When me and my husband made the trek up to Norway’s highest mountain the Galdhøpiggen, a journey which included being tied to a rope in a long line of other hikers to cross a glacier, we were surprised to see that lot of the other hikers where families with children of all ages. That quickly destroyed our illusion (or daydream) of being hardcore explorers conquering a new mountain, but it demonstrates the point that the outdoors in Norway is for everyone, from infants to grandpas and grandmas and this is something I hope will rub in our kids too.

“Koselig”

Cozy evening in Norway via Instagram I @SatuVW I To Destination Unknown

Maybe the most used word in Norwegian?

Koselig can be translated as “cozy”, and the Norwegians are masters of coziness. Our hometown has a whole host of cafés and little boutiques that could only be described as cozy, and what could be more cozy in the darkness and coldness of the winter time than to curl up on a sofa and read a book by the fire? I find it also quite cozy to pass an evening by an open fire in the summer time.

Winter’s Darkness

Skitouring in Norway via Instagram I @SatuVW I To Destination Unknown

Don’t be put off by the darkness of the winter time, it is not that dark in the southern parts of Norway, especially when the snow hits the ground and reflects even the little light that goes around. That said, go beyond the Arctic Circle and you will be engulfed by the dark season for few months every year. However, come February, March and you could ski in the fabulous conditions above. With a baby in the sledge behind you of course!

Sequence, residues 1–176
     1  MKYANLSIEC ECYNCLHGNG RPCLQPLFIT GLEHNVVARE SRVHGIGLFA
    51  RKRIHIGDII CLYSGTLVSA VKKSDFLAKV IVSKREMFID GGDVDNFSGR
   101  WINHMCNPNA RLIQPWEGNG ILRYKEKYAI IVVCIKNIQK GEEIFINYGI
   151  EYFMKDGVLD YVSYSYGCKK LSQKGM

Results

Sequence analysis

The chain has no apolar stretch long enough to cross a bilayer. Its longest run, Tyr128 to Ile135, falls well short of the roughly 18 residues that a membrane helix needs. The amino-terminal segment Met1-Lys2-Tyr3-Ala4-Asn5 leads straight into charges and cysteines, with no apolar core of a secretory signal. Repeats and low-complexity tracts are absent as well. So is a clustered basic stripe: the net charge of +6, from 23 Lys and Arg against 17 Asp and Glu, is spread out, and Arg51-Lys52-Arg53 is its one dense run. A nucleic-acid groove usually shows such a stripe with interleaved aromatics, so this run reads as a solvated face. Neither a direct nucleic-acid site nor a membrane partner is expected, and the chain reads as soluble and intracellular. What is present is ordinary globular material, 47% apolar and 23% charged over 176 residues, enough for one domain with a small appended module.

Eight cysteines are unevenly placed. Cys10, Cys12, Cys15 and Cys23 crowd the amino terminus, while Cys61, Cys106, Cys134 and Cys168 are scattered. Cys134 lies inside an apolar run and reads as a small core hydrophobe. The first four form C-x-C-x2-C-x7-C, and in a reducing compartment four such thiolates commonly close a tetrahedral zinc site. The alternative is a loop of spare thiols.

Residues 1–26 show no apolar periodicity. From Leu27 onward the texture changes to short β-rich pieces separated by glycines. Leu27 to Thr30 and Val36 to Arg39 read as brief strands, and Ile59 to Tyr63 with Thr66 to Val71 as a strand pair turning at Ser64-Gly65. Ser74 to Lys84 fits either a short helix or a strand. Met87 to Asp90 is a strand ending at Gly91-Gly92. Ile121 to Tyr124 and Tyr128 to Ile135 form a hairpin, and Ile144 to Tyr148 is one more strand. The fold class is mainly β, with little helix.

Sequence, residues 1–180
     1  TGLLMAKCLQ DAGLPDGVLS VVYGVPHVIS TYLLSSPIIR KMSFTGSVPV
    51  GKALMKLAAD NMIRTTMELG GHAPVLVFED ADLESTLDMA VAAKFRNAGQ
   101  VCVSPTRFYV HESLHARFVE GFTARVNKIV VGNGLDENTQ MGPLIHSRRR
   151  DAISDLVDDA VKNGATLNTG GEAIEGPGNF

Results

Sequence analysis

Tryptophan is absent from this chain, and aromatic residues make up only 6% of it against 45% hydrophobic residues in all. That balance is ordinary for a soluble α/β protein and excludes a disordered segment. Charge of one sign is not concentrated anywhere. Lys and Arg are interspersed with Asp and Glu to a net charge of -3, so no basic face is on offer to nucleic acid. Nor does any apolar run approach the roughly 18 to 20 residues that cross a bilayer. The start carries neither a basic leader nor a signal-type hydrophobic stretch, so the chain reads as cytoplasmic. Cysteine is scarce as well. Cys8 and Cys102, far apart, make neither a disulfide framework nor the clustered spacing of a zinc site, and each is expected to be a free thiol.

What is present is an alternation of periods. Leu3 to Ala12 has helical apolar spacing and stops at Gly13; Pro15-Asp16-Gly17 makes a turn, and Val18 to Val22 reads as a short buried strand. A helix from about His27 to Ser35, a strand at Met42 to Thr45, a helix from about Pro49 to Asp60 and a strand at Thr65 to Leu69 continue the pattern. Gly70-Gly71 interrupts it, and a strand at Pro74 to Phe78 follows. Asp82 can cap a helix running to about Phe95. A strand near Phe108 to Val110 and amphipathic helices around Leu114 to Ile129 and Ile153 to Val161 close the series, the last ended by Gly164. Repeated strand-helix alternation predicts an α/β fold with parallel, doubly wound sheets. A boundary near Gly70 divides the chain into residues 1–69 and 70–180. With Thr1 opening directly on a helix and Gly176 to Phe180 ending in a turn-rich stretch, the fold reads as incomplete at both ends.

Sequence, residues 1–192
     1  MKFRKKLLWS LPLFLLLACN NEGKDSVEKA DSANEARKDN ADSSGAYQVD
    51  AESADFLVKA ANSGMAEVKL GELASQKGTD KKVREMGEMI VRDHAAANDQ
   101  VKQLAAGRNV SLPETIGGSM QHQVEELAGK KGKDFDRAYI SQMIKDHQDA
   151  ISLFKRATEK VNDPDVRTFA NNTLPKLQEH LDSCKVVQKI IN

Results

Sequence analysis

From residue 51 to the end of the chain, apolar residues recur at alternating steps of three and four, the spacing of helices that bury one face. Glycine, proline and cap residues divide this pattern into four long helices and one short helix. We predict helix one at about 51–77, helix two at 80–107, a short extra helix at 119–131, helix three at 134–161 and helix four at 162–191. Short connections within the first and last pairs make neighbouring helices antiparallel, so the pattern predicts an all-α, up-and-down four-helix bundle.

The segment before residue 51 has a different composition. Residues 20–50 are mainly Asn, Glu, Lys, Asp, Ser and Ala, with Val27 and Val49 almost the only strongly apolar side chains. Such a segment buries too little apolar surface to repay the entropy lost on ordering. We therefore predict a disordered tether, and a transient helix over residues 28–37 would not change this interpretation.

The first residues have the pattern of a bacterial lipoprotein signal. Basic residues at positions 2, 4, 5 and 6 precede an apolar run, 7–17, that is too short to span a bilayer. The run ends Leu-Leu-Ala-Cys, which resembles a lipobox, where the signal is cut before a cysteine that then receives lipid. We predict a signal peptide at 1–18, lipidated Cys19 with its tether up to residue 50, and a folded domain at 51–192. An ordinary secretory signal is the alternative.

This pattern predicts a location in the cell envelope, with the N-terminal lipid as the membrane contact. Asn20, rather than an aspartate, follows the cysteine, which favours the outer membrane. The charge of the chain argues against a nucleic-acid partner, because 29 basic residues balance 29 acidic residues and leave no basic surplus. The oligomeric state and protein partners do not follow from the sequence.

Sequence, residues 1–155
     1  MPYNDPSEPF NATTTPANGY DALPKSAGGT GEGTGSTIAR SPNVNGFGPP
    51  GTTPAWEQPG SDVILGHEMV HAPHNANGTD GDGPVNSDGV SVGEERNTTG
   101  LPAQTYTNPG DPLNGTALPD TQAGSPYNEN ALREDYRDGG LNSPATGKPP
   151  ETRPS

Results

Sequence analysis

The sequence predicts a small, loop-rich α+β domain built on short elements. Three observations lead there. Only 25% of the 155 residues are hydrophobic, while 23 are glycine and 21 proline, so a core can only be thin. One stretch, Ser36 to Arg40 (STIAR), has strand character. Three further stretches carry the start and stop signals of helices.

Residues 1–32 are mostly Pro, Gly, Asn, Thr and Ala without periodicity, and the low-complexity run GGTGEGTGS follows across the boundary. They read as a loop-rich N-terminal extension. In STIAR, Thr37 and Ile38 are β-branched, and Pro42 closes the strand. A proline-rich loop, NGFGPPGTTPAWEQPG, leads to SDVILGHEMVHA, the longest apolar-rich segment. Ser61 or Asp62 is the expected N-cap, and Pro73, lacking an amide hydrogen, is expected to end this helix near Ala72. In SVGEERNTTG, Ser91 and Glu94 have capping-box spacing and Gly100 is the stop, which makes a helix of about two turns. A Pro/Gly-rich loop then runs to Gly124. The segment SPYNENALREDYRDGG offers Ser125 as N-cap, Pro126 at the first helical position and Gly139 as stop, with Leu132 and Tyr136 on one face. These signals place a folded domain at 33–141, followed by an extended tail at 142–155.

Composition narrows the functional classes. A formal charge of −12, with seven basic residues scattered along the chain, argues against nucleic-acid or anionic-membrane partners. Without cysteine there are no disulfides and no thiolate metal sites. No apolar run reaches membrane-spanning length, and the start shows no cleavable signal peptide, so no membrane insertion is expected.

High Cost of Living

Is Norway really that expensive?

Yes and no. Yes, it is expensive, but no it isn’t if you earn Norwegian income. Taxes that are deemed high, according to my British husband, are around the same ballpark as the taxes in the UK. And you get so much more for it (take the one year paid maternity leave for example!

Difficult language

Or maybe not…

Learning Norwegian Language

I’m part of the team co-hosting the Instagram Travel Thursday Linky, an initiative started with Skimbaco Lifestyle online magazine to connect travel and Instagram enthusiasts across borders and I would love if you joined us! Read the guidelines on Skimbaco’s site and get to know us co-hosts better by hovering your mouse over the interactive image below. And once you are ready with your own post, please add it to the Linky in the bottom of the page and check out some of the other participating bloggers! All images except the feature image are from my personal Instagram gallery, you can find me there at @todestinationunknown. The “Lesson in Norwegian” has been making its rounds online and I have no idea who to give credit for the image above. If you know, let me know!

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{ 31 comments… read them below or add one }

Chasing the Donkey August 22, 2013 at 8:37 AM

I’d move there just for that code. I love that salted dried fish. YUMM-O!
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Chasing the Donkey August 22, 2013 at 8:38 AM

…oh and by code, I MEAN cod!!! Whoops.
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Satu Vänskä-Westgarth August 22, 2013 at 10:38 AM

Ha ha, no worries, I got you anyway! If you’re into cod, you would LOVE the coastal areas, thats one place where you can definitely pick up both fresh and salted fish.
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Reeta @houseofanais August 22, 2013 at 9:38 AM